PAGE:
GOP leaders to Obama: Leave Iran policy to Trump

GOP leaders to Obama: Leave Iran policy to Trump
© Victoria Sarno Jordan

House Republican leaders are pressing President Obama to refrain from boosting business ties between the United States and Iran before leaving office.

Speaker Paul RyanPaul Davis RyanElection Countdown: Cruz, O'Rourke fight at pivotal point | Ryan hitting the trail for vulnerable Republicans | Poll shows Biden leading Dem 2020 field | Arizona Senate debate tonight Paul Ryan to campaign for 25 vulnerable House Republicans GOP super PAC pushes back on report it skipped ad buys for California's Rohrabacher, Walters MORE (Wis.), House Majority Leader Kevin McCarthy (Calif.) and House Foreign Relations Committee Chairman Ed Royce (Calif.) in a Tuesday letter urged the administration to “take no further actions designed to bolster international investment in Iran.”

The Republican leaders said Obama owes President-elect Donald TrumpDonald John TrumpKey takeaways from the Arizona Senate debate Major Hollywood talent firm considering rejecting Saudi investment money: report Mattis says he thought 'nothing at all' about Trump saying he may leave administration MORE, who opposes the Iran nuclear deal, “the opportunity to assess United States policy toward Iran without your administration imposing or implementing additional measures that could complicate the incoming administration’s ability to develop its policy.”

“We urge you not to take any action that would weaken United States or multilateral sanctions or other restrictions against Iran in this post-election period,” the leaders wrote.

The Obama administration is reportedly considering ways to relax economic sanctions with Iran before leaving office, including issuing licenses to American businesses to enter the Iranian market and reducing other financial sanctions, according to The Wall Street Journal.

Such steps could make it harder for Trump to reverse the Iran deal that the U.S. negotiated with other world powers. Under the deal, Iran agreed to limit its nuclear program in return for sanctions relief.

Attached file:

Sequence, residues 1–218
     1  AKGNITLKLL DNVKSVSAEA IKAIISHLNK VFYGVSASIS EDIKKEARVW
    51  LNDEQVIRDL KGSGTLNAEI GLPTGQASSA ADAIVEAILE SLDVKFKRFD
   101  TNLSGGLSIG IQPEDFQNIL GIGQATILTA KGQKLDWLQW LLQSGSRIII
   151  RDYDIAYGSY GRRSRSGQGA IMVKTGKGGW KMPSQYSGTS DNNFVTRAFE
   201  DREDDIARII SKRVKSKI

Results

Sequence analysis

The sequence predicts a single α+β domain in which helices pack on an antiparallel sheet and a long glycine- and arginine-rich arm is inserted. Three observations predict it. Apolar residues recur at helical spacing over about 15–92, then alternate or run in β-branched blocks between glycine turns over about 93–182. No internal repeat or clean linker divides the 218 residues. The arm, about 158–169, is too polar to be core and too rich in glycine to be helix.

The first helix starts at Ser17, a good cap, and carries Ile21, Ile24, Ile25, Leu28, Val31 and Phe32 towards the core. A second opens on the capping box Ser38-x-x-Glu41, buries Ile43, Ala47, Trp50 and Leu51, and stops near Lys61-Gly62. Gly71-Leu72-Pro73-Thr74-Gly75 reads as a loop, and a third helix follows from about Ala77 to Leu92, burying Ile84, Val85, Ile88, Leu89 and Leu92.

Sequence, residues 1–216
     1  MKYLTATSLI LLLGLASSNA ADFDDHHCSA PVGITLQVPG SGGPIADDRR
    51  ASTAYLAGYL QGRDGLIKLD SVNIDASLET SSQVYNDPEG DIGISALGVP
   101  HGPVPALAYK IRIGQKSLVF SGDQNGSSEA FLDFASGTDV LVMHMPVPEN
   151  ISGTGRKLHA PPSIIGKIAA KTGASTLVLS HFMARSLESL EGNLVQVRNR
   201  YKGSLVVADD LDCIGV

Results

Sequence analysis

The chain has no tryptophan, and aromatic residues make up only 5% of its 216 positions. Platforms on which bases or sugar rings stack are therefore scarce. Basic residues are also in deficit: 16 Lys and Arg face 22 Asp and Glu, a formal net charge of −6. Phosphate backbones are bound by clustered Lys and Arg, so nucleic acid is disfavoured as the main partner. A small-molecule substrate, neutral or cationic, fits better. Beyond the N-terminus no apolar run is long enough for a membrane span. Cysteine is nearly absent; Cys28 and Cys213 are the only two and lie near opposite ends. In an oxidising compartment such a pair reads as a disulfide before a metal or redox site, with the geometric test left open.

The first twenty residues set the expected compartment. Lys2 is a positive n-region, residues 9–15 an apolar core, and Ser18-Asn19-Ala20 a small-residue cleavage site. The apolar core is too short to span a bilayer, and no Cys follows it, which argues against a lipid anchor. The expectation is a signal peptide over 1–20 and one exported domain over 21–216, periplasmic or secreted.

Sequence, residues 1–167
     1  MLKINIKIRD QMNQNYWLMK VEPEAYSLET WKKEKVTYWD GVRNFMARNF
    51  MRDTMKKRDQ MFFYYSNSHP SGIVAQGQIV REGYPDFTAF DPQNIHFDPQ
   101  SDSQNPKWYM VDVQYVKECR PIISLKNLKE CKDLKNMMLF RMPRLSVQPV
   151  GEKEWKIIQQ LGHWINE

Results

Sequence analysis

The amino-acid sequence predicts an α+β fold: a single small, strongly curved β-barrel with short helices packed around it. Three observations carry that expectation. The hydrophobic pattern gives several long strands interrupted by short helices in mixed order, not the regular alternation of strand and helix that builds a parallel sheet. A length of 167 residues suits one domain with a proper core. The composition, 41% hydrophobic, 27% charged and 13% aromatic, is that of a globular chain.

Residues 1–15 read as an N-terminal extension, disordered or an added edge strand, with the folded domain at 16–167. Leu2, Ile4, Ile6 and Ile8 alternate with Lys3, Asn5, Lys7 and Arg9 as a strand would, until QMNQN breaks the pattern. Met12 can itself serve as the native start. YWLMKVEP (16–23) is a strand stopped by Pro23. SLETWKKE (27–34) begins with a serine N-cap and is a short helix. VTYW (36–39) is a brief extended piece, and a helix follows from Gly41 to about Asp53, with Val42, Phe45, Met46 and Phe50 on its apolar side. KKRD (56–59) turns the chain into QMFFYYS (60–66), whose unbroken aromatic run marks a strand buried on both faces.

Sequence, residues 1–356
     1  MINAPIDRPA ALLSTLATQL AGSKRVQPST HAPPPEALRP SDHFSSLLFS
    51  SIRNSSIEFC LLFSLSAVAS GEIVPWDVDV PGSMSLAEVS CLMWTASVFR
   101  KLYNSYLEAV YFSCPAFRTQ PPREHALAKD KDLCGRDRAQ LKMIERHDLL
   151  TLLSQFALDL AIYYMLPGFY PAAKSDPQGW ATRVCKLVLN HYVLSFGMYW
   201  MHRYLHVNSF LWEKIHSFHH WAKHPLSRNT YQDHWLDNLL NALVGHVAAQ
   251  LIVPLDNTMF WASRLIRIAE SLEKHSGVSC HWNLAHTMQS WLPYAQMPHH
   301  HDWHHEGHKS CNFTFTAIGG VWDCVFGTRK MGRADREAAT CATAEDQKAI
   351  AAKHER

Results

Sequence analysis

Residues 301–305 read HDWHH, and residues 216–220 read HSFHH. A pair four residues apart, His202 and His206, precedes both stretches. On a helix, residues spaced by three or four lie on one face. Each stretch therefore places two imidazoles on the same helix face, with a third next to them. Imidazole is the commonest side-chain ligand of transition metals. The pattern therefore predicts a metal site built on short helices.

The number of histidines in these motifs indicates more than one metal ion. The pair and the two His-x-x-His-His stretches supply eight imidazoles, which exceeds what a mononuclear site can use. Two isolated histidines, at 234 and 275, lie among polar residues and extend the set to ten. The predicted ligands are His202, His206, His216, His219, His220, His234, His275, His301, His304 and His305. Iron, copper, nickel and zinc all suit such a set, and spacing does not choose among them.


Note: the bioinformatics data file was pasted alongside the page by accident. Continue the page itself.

The GOP leaders, on the other hand, said Obama should sign an extension of economic sanctions on Iran. That bill passed the House last week, and Senate Majority Leader Mitch McConnellAddison (Mitch) Mitchell McConnellJuan Williams: Trump’s policies on race are more important than his rhetoric It’s Mitch McConnell’s Washington – and we’re just living in it Trump makes new overtures to Democrats MORE (R-Ky.) said he expects it to pass the upper chamber. Some Senate Democrats have pushed backed on the bill.

White House press secretary Josh Earnest was noncommittal about future actions on Tuesday, telling reporters he had no announcements to preview. 

But he made it clear the White House won't change course on its enforcement of the deal. 

“This administration until Jan. 20 will fulfill our obligations under the Iran deal," he said. “The steps that have been taken thus far have enhanced the national security of the U.S. significantly.” 

He added, “I do not anticipate any actions being taken that were initiated after the election solely in response to Mr. Trump’s victory.”  If any actions are announced, “they have been in the pipeline for some time” and are consistent with the deal. 

Earnest also stressed that "the risks of pulling out of that agreement or doing something in violation of that agreement are grave."

If any actions are announced, “they have been in the pipeline for some time” and are consistent with the deal. Obama has faced a flurry of pushback — sometimes bipartisan — on his administration’s dealings with Iran. Republicans and some Democrats expressed concern over lawsuit settlement that coincided with a prisoner swap, bringing home four American prisoners in Iran. The $1.7 billion settlement of a nearly 40-year-old lawsuit was paid in cash, which Republicans called a “ransom” payment.

Since September, the House has passed bills to block cash payments to Iran, ban aircraft sales to Iran, and mandate the Treasury Department to issue a report on assets held by Iranian government and military leaders. 

Jordan Fabian contributed.

Updated at 12:49 p.m.